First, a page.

A couple of readers of our blog post yesterday relating to employer dress and grooming policies helpfully added a couple of points about an employer’s legitimate health and safety concerns, which we publish below.
Marc Brenman, a university instructor in Olympia, WA:
“There are also issues of mutable characteristics, and safety. And issues such as the fact that the ability to wear long hair doesn’t mean the employee can drag it thru the food.”
Peter Mangles, healthcare exec in Aberdeen, UK:
“This is a very interesting article about the rules and laws around discrimination and uniform and dress code policies. We have for many years in the health sector dictated to employees and staff about dress codes, uniforms and the wearing of jewelry at work. The wearing of rings, bangles and nail polish has for example been frowned upon and “banned” because of infection control and occupational health and safety reasons.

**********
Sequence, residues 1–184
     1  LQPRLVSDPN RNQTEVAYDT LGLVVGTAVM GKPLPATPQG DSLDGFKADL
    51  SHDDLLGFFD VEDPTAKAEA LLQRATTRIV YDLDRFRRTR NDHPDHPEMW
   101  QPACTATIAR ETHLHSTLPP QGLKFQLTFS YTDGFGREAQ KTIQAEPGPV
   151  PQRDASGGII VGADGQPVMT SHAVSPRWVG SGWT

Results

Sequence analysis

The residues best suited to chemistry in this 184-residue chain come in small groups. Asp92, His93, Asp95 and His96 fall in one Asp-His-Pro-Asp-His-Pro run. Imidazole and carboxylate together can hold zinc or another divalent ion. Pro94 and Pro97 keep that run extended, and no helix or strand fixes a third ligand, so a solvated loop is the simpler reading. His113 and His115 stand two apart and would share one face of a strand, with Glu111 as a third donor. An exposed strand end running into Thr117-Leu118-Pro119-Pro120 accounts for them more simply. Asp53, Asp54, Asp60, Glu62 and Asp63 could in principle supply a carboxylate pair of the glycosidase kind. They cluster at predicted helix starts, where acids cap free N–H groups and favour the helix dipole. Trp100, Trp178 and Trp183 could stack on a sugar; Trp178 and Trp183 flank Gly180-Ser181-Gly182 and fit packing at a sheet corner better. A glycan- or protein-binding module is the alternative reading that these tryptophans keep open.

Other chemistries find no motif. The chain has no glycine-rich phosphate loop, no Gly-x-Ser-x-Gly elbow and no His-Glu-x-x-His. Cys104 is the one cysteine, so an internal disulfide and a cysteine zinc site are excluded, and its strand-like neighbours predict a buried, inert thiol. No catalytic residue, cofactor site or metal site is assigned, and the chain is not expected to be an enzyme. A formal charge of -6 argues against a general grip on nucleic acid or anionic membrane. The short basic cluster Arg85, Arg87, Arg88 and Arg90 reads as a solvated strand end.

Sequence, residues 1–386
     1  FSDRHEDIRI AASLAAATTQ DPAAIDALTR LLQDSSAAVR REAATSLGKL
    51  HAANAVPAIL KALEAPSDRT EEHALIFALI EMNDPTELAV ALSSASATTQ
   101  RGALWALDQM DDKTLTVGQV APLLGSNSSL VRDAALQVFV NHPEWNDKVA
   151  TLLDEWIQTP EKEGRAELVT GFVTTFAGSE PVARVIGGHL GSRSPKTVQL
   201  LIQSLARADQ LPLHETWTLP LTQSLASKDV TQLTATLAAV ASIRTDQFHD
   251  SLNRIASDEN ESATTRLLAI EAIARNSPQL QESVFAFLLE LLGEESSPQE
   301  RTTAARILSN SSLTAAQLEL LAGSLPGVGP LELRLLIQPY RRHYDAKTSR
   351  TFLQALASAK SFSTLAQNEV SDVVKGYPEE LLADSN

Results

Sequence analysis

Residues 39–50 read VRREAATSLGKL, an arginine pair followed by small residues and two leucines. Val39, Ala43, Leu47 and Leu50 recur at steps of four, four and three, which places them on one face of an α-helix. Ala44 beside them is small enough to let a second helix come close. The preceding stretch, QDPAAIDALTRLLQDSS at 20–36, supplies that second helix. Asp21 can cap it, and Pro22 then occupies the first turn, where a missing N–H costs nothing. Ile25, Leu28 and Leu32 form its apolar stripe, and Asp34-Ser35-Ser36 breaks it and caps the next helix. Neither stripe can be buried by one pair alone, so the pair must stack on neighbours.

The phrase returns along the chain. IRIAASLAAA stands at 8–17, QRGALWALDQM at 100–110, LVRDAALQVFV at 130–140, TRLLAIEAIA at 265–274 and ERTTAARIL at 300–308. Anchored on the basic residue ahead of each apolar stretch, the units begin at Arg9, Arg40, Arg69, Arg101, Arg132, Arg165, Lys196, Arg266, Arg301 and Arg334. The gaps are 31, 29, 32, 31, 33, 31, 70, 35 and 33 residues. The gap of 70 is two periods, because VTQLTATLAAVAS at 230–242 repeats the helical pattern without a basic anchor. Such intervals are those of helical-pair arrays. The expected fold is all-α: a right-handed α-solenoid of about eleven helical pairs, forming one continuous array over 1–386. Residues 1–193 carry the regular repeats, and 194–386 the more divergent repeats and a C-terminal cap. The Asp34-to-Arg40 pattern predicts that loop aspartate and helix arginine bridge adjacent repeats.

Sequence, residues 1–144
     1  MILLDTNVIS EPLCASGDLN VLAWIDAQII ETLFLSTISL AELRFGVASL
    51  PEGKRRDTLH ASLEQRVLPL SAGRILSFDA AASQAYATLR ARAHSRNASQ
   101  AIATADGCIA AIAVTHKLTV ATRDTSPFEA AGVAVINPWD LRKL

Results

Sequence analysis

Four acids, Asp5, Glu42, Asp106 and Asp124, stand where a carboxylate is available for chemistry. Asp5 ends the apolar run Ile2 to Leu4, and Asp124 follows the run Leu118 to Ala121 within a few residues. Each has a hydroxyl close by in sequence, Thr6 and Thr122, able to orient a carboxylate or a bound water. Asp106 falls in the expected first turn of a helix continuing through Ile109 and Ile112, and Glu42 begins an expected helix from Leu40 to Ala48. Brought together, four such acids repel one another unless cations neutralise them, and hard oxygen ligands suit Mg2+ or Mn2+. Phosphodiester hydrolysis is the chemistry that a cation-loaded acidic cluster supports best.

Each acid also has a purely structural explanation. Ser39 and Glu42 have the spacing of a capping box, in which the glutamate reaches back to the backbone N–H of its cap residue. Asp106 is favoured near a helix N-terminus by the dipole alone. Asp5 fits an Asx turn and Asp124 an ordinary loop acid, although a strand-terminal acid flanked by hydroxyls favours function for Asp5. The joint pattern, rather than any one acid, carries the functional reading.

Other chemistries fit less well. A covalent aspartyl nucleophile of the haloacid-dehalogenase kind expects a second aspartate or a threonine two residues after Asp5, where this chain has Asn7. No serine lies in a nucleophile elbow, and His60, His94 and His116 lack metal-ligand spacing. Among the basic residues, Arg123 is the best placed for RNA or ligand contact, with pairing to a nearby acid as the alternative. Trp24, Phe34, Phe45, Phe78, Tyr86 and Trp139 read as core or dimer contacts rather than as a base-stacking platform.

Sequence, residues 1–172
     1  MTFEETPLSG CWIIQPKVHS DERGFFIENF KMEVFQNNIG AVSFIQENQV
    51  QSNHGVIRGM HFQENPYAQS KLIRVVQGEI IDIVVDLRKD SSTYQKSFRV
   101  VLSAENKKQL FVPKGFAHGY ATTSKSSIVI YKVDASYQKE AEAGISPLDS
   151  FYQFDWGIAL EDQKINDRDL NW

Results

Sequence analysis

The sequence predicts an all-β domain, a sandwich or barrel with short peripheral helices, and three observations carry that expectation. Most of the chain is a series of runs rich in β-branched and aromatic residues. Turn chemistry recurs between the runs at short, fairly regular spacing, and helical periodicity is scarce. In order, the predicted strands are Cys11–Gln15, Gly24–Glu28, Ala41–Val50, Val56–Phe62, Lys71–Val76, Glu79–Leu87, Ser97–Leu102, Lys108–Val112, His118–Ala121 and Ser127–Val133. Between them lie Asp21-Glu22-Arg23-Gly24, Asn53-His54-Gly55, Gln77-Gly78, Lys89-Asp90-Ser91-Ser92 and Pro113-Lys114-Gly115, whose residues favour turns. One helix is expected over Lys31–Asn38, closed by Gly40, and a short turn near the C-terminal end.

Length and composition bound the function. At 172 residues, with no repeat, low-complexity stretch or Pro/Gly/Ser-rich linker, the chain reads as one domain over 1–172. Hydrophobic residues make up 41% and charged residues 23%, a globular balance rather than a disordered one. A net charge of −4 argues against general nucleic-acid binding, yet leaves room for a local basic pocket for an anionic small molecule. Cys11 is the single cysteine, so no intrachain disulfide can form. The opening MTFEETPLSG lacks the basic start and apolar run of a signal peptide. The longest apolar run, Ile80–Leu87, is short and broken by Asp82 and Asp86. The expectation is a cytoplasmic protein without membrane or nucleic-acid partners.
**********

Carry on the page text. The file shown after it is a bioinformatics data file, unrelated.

Shoe and uniform styles are often stipulated and enforced because of potential needle stick injuries and the exposure to blood and other bodily fluids. Depending on an individuals area of expertise other personal protective equipment (PPE) may be necessary that also affects what an individual may or may not wear.
The article was an interesting read in regards to the various precedents set in the courts in relation to grooming and uniform policy enforcement, something to mindful and aware of in the future.”